Symposium: (Dis) identifications
This one-day event, organised by Dr Catherine Dormor and Dr Alexandra Kokoli, invites a collective exploration of the role of gender and sexual identifications in contemporary art practices. Identity, identification and dis-identification are approached as evolving concepts and embodied practices, foregrounding the indivisibility of body and mind, the material and the virtual.
Our aim is to trace intersectional transformations within the arts, spanning feminism, psychoanalysis, queer theory and countercultures. In evoking both identity politics and disidentification (as developed in the work of Eve Kosofsky Sedgwick and José Esteban Muñoz), the conference aims to foster a discussion that tactically traverses feminist and queer politics and practices, questioning their assumed division.
Taking gender critical thought, activism and creative practices as starting points, the symposium will showcase contributions from artists, curators, and writers from either theoretical or practice-led perspectives.
11.15 Welcome & Introduction
11.30 Gender as Material
Oreet Ashery is a London-based visual artist and an educationalist working in an international context across performance, objects, still-and-moving-image, events, situations and writing. The work is self-determinately biopolitical and context-specific, embracing humour and trash aesthetic.
Ashery will be showing and discussing elements from the works Can I Join you Just This Once, 2007, Hairoism, 2011 and How to Kill a Pig 20123/15, looking at the biopolitical, gendered, toxic, eccentric, trashy animal.
Sutapa Biswas was born in Santinikethan, India and is based in London, UK. She studied at Leeds University, Slade School of Art and Royal College of Art, UK. Possessing stark but poetic resonances in which the tensions and complexities of racial and gendered power relations that emerge from trade routes and colonial histories are explored, Biswas’s works draw from combinations of art historical, literary and mythological sources.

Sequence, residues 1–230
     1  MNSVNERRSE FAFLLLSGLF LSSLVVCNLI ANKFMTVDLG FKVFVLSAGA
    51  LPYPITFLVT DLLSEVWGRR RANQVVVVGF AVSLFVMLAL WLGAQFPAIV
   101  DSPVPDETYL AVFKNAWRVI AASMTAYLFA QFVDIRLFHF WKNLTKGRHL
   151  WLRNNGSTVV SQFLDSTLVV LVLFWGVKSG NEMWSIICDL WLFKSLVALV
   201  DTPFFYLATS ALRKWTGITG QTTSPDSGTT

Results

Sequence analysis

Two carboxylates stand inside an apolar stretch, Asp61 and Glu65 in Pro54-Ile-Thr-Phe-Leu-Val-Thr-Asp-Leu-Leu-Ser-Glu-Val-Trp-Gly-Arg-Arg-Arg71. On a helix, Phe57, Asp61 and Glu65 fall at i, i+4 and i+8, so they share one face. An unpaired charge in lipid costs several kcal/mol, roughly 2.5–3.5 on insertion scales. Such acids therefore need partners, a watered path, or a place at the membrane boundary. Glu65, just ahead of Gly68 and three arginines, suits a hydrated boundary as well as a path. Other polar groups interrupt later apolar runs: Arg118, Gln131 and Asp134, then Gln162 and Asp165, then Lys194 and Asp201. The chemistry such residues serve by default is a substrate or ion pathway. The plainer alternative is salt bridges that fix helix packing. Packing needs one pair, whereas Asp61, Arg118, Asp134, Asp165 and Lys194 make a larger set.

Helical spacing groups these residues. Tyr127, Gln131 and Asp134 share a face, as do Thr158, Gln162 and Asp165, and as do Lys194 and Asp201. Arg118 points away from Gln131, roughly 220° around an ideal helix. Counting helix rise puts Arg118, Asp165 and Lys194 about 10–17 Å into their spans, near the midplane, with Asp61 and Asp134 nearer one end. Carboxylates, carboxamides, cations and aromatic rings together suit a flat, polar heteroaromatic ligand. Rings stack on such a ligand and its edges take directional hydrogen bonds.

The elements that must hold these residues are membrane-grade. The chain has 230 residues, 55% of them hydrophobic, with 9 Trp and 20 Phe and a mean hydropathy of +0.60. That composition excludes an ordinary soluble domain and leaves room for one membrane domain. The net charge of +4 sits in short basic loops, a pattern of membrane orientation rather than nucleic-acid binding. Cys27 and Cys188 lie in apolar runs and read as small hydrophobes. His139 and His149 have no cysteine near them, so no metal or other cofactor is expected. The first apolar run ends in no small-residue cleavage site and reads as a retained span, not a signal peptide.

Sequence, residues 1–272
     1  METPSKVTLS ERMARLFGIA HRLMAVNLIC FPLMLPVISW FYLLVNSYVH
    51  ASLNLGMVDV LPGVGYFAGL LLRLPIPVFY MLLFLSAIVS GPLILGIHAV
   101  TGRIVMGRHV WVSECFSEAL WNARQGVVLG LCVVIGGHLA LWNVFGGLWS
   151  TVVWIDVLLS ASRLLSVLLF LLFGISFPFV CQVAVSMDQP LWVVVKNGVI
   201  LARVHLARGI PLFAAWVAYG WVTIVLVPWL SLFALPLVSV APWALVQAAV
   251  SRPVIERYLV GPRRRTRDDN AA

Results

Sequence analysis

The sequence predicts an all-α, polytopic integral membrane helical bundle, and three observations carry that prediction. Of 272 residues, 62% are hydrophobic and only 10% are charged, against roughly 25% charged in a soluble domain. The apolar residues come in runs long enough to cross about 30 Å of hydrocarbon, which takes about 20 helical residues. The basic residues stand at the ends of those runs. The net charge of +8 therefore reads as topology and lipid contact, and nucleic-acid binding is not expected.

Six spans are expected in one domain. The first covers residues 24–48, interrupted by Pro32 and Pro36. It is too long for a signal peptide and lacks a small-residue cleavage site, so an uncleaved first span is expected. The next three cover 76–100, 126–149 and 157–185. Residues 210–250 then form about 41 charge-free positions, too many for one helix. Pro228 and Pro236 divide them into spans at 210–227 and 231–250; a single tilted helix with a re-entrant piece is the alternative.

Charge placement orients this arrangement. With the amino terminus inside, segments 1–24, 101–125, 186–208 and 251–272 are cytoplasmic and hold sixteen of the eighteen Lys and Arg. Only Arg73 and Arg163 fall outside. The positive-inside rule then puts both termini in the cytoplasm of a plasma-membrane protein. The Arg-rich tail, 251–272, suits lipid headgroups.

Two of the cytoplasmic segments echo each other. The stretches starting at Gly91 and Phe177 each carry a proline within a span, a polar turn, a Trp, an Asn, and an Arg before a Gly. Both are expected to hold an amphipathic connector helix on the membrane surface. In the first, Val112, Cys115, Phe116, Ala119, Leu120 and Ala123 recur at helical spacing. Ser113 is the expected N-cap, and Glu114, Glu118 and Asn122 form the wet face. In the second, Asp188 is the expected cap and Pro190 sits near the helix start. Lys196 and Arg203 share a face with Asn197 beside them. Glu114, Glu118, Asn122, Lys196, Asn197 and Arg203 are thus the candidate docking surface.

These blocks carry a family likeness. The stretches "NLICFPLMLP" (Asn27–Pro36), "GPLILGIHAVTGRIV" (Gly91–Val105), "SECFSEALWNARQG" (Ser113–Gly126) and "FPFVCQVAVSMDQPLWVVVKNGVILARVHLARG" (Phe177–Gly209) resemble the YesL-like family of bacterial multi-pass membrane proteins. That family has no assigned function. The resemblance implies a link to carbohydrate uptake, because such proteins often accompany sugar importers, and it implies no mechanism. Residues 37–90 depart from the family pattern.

Biswas’s paper addresses (in brief) some of the ways in which questions of time, history, gender and race have become ‘material’ within the context of her artwork and in particular, how the aesthetic and formal have been critical to exploring identity in relation to the subjective space.
Jennifer Allen aka Quilla Constance graduated from The Ruskin School of Art, St John's College, University of Oxford with a BA in Fine Art and Goldsmiths College, London with an MFA.
Quilla Constance, 'QC', is the creation of artist Jennifer Allen. QC over-identifies with an ‘exotic’ militant punk persona to interrogate a category-driven capitalist network. QC stages and virally inserts her artistic practice within pop culture, traversing music venues, forging protests and entering art galleries in order to emulate and interrupt the operations of these cultural zones.
Fran Cottell has been practicing as an artist since the 70s, primarily working with live installation, performance and documentation.
Cottell’s contribution will focus on the house projects (ongoing since 2001): a series of live installations by Cottell in her house at 18 Woolwich Road, Greenwich, London SE10 0JU as offsite projects for CGPlondon and UAL; starting by identifying with support services/workers, shifting from social concerns with relative values of order/disorder and the relative power of the visitor and the inhabitants, the impossibility/possibility of collecting ‘liveness’, to an exploration of the potential of psychological space.